Health Care Population Health

Populations are connected. There are no isolated pieces of information, but rich, connected domains. Any citizen can be related in any number of ways. Family ties. Lifestyle preferences. Hereditary predispositions. Medical conditions. Purchasing preferences. The strength and patterns of these relationships are the primary determinant of a populations overall health.

A citizen predisposed to lousy health is likely to have a better quality of life if part of a healthy population; and the inverse holds true (an untested, personal hypothesis!).

Collecting, aggregating and synthesizing information from millions of relationships is complex. Performing this on sub-populations is a task ill suited to traditional tools and approaches.

The emergence of Network Graph[^1] stores has been driven by Social Network Analysis (SNA) to solve problems in Public Health, Law Enforcement, Retailing, Economics and Social Sciences. Little attention has been focused on Population Health in a private, accountable health care context.

Challenged with managing the health of a population, could we conceive of all the necessary data points and store them in a tabular datastore like an Excel spreadsheet? Do all these data points exist in the EMR?

Does this challenge involve long chains of evolving relationships and patterns of interaction and determinants? Might these include contextual, non-clinical factors? These would seem to be essential considerations in an epidemiologic or risk analysis of a population.

The patient population is increasingly hetrogeneous. Increasing social and geographic mobility, fuels patient churn

So what?

The vendors circling hungrily above all health provider systems have yet to offer a credible Population Health Management solution (personal opinion!). Credibility would seem to come from any two of the following

  1. Domain thought leadership
  2. Advanced, breakthrough technology
  3. Quantitative track record of success

Clearly many millions of dollars have been invested in product and service development and this has convinced many health systems to place an investment bet on them. All involve considerable barriers to entry with few guarantees of ROI. These early customers are ‘fast followers’ of emerging trends and heralded as progressive leaders by vendors seeking out other followers.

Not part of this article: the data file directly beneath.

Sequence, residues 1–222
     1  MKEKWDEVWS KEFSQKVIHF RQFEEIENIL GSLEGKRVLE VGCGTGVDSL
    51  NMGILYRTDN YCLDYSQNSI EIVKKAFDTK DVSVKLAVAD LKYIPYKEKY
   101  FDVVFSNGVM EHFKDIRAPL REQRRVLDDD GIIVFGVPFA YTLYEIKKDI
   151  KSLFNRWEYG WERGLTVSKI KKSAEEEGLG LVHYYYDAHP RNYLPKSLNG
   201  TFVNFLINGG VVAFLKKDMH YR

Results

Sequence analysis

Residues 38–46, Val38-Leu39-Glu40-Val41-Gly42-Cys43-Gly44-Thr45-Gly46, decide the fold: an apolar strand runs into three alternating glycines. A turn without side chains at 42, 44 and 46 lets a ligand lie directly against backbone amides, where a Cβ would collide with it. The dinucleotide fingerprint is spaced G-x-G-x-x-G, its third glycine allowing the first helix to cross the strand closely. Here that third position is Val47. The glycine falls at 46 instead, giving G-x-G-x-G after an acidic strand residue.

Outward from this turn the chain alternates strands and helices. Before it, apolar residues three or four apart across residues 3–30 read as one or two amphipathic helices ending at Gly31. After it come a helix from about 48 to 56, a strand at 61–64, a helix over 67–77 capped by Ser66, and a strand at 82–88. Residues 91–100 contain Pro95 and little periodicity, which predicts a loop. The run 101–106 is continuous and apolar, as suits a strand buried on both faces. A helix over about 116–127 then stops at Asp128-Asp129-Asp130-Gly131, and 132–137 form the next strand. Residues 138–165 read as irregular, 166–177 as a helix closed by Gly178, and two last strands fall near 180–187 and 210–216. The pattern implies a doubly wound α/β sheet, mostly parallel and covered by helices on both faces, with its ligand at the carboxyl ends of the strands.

While no clear solution has emerged, the Population Health mandate and Quality Measures continue closing in on us. The clock continues to tick on our window for informed discussion and decision making.

If no vendor steps forward with a compelling, credible, affordable solution to our problem, what do Clinical Intelligence Analysts do? And even if one does, how do we hedge our risk on them?

Plan & Prepare

As we plan, we are forced to consider our definition of “Population Health” (the knowledge domain) as this informs our “Management” strategy (tools, processes, targets).

Health System Administrators are legitimitly inclined towards a business-first definition focused on CMS Quality Outcome Measures.

A business-first definition would encourage optimization of our operating model, consistent with general high volume, low margin, service businesses. The evoluton of service industries suggest adoption of multi-class service models to accommodate population outliers (Hotels, Airlines, Banking, Automotive, Retail offer some inisght).

An alternative viable option is an academic, clinical, science or mission-first definition. This would seem to be a less obvious choice that would be a broader superset of the business-first definition.

Such a choice would encourage consideration of network and psychographic factors of the population. This would seem to be necessary to affect the behavior changes evidence suggests is needed for improvement in longer term health outcomes.

If a Health Systems chooses a definition broader than business-first, it will plan, prepare and prioritize differently. Subsequently, needs shift from near time reporting to forecasting, anticipating, reasoning and prediction. These are skills and competencies that will need to be developed across the continuum of care, irrespective of facility size.

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